Youth Groups

The youth in Manila and its surrounding areas are very interested in working with and learning from foreign volunteers. It is a priority in many communities for the local youth to strengthen their English so that they are prepared to join a competitive, global workforce and advocate for their own rights. Another goal in youth work is to empower disadvantaged youth so that they can be successful and independent when they are in and out of school. This can include teaching them new skills as well as aiding them in running programs that they have initiated on their own.

In many programs volunteers will be given the opportunity to work with various age groups to aid youth groups in organizing workshops in many fields. This not only builds their confidence but gives the youths an invaluable learning opportunity in how to plan both small and large scale events. Creative and motivated people who like to work with youth groups will have an extraordinary experience to see the children grow during the process of learning about themselves and others.

Rescue Boats

The Philippines is one of the most disaster prone countries in the world and therefore there is always a need for disaster risk reduction programs. The fabrication of rescue boats in the communities around Manila is only one of these disaster risk reduction programs. Volunteers can help in the process of the fabrication, help with the painting and get involved in the testing of the boats in shallow water. It is always a great moment when the boats get delivered to the people and the place where they will be used during the next flooding. Meeting their thankful eyes, shaking their hands and leaving the finished boat with them would fulfill any volunteer’s expectations of being actually helpful.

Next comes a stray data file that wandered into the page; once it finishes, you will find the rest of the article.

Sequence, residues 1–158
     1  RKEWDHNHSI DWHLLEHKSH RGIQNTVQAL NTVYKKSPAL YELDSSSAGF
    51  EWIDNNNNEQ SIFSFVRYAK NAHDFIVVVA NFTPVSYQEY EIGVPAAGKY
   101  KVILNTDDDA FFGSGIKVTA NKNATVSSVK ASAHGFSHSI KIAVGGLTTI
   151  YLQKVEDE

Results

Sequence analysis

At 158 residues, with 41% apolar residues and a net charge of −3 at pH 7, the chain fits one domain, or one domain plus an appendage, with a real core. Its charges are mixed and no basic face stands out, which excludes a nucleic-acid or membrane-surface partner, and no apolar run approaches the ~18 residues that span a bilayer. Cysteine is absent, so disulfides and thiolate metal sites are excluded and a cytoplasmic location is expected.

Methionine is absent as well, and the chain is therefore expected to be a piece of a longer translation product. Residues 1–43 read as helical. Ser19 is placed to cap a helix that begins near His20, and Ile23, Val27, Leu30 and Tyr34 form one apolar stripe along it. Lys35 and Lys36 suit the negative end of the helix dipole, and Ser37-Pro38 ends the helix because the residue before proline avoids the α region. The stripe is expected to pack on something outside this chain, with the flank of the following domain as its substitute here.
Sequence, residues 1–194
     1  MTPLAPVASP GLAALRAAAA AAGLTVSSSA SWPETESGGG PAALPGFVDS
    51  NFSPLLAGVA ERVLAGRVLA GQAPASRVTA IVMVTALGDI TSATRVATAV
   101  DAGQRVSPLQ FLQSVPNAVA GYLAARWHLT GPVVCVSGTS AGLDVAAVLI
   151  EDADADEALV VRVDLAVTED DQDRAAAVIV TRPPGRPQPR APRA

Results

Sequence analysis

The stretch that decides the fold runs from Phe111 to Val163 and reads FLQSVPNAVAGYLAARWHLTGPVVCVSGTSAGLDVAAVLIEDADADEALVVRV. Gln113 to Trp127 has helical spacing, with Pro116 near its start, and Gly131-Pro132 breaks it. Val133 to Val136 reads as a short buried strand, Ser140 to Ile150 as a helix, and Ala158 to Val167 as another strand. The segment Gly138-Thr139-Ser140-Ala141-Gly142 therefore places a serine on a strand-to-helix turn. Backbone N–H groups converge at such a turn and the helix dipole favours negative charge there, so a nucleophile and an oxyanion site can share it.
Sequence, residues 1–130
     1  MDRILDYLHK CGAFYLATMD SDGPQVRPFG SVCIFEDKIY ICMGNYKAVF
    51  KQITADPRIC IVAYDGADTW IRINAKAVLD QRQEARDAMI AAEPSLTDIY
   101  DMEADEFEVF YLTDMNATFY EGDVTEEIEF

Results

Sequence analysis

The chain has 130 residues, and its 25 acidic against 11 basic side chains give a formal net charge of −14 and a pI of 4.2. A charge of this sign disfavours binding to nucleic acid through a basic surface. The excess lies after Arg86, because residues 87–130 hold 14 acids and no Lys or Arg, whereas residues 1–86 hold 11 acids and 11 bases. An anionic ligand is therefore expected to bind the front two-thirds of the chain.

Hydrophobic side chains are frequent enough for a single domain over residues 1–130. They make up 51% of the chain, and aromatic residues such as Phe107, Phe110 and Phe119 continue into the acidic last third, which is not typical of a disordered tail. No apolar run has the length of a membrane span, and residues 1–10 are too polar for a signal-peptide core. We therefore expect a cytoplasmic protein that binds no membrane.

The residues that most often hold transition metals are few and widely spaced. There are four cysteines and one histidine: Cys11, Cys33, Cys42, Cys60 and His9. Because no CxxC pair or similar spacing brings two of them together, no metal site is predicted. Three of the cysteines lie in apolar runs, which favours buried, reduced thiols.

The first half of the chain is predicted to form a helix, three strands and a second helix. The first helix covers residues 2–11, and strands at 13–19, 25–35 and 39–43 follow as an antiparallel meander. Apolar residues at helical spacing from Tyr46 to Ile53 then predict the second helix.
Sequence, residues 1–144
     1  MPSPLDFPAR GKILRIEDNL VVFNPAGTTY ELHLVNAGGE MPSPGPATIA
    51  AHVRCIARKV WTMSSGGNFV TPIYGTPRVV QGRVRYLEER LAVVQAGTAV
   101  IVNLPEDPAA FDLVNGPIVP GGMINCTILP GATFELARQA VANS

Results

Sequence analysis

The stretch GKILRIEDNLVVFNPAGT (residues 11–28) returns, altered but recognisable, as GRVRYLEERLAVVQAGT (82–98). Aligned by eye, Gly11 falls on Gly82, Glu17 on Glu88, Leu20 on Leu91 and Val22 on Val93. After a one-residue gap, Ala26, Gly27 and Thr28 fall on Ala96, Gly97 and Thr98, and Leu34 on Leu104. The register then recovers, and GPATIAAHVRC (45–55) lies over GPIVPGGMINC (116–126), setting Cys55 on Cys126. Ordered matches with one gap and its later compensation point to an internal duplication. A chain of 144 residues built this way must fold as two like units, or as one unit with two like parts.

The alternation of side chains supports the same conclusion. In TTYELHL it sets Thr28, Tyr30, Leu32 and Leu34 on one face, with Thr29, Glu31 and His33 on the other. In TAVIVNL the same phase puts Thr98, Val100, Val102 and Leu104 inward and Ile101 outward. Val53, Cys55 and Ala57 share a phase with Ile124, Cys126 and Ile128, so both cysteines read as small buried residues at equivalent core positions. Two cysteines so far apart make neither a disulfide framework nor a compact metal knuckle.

Environmental Projects

Several projects revolve around decreasing the pollution of the city and its nearby rivers. It is also very important to stabilize the higher grounds where people have settled and live. Volunteers work on various solutions to secure roads and river banks in order to make them less vulnerable to erosion during heavy rain and flooding. These projects also secure the health and life of many communities because the access roads to and from their homes will not be washed away or flooded so badly that they cannot be evacuated. The work can consist of the fabrication and filling of flood defenses and physical work at the river banks, among many others. The use of local, economic materials such as coco-fiber is not only helping the obvious need to secure the river beds, but also supports local fabricants.